> urw3@w3.org, Umberto Straccia [mailto:umberto.straccia@isti.cnr.it]
> Subject: Re: [URW3 public] OWL extensions [was Re: [URW3] ...  three
> questions   based on the last telecon]
> 
> 
> > Peter,
> >
> > We would always like to have "exact" information, but any measurement
> > has a degree of inexactness/uncertainty based purely on the preciseness
> > of the measuring instrument.  At a crime scene, a suspect may be
> > described as tall but the accuracy depends on what the observer
> > considers tall, the vantage point from which the observer saw the
> > suspect, and whether the suspect was wearing shoes with heels.  Also,
> > was the suspect tall in the context of a society where the average
> > height is 162 cm or 175 cm?  Making use of the fact that the suspect
> > was "tall" requires many assumptions, most of which are implied in
> > conversation but never explicitly stated.
> >
> > What does this tell us about what needs to be represented in terms of
> > uncertainty?
> >
> > Ken
> >
> > On Jul 24, 2007, at 9:29 AM, Peter Vojtáš wrote:
> >
> > >
> > > I personaly would prefer to know the exact height of John and decide
> > > on my background and intention whether he is or not tall.
> > >      So I am afraid that I do not understand where such an information
> > > can appear
> > > Peter
> > >
> > >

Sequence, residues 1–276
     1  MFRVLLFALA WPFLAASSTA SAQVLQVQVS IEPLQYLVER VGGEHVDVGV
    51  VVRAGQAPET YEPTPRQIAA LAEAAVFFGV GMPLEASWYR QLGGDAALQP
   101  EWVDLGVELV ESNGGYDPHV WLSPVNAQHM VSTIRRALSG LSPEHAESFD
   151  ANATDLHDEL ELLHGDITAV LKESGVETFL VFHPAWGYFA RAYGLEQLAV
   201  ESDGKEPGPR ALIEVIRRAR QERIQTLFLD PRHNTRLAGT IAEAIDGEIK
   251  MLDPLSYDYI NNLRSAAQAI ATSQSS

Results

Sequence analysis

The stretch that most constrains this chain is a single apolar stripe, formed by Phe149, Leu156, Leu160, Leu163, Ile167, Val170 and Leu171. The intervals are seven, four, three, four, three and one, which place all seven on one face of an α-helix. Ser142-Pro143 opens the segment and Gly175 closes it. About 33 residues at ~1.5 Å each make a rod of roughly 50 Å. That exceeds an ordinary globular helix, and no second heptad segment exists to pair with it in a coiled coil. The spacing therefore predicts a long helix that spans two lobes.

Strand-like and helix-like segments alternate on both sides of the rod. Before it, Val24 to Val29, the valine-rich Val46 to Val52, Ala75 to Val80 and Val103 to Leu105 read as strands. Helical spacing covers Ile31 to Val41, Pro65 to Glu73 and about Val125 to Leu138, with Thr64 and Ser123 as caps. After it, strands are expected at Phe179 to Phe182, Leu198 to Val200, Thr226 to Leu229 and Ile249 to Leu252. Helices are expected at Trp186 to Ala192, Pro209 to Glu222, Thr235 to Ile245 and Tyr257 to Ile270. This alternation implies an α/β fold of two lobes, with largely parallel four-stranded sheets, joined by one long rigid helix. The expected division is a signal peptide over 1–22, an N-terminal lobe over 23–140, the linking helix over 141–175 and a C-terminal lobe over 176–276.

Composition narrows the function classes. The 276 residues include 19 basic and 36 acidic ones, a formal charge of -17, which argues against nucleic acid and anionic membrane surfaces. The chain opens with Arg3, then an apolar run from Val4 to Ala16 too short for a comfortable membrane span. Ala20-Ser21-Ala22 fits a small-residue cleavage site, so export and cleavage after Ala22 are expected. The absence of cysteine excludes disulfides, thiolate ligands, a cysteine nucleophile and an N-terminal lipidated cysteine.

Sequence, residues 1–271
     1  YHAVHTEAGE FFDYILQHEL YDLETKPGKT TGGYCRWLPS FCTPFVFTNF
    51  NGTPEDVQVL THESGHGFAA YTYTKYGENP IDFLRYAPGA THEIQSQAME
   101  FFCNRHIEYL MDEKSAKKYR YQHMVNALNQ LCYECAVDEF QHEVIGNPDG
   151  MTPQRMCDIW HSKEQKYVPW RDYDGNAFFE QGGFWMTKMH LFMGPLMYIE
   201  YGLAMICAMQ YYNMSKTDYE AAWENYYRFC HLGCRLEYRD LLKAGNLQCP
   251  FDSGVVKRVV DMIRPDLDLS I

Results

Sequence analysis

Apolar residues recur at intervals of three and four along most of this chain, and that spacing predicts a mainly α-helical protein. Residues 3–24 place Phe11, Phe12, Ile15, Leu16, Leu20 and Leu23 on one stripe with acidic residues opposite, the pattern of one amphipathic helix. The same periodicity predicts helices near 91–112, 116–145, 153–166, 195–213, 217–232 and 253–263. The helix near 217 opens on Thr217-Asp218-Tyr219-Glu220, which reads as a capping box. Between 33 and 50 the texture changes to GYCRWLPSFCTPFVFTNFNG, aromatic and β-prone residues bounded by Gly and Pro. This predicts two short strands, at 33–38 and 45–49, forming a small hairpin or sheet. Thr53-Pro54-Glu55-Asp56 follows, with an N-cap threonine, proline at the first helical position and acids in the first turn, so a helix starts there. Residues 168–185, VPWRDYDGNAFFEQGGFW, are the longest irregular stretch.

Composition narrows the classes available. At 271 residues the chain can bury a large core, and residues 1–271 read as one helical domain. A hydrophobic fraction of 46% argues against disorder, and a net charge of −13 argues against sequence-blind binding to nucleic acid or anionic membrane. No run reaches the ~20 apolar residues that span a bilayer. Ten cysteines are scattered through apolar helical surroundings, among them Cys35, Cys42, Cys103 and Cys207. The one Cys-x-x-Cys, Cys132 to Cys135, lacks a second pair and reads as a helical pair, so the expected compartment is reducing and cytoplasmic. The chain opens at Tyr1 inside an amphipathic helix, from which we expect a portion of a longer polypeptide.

> > > Please note my changed address Peter.Vojtas@mff.cuni.cz
> > >
> > >
> > >
> > > ----- Original Message -----
> > > From: Kathryn Blackmond Laskey [mailto:klaskey@gmu.edu]
> > > To: Umberto Straccia [mailto:umberto.straccia@isti.cnr.it],
> > > public-xg-urw3@w3.org
> > > Subject: Re: [URW3 public] OWL extensions [was Re: [URW3] ...  three
> > > questions  based on the last telecon]
> > >
> > >
> > >>
> > >>
> > >>>> .... you can extend the language and the inference mechanism or
> > >>>> express and process the uncertainty within the standard language.
> > >>>>
> > >>>> tall(John) : 0.7
> > >>>>
> > >>>> vs
> > >>>>
> > >>>> tall(John, 0.7)
> > >>>>
> > >>>> (... in both cases, without saying what 0.7 represents)
> > >>
> > >> Independent of which way we go on tall(John) : 0.7 or tall(John,0.7),
> > >> it will not be enough just to annotate sentences with a number
> > >> expressing some degree of certainty or plausibility or membership or
> > >> whatever.  To do probabilistic reasoning, we need to be able to make
> > >> conditional independence statements, and to express conditional
> > >> probabilities. To do probability tractably depends on representations
> > >> composed out of local modules, and these local modules are
> > >> parameterized by conditional probabilities, not absolute
> > >> probabilities.
> > >>
> > >> K
> > >>
> > >>
> > >
> > >
> > ------------------------------------------------------------------------
> > -----
> > Ken Laskey
> > MITRE Corporation, M/S H305      phone: 703-983-7934
> > 7151 Colshire Drive                         fax:       703-983-1379
> > McLean VA 22102-7508
> >
> >
Received on Wednesday, 25 July 2007 16:17:40 GMT

This archive was generated by hypermail 2.2.0+W3C-0.50 : Wednesday, 30 April 2008 09:52:44 GMT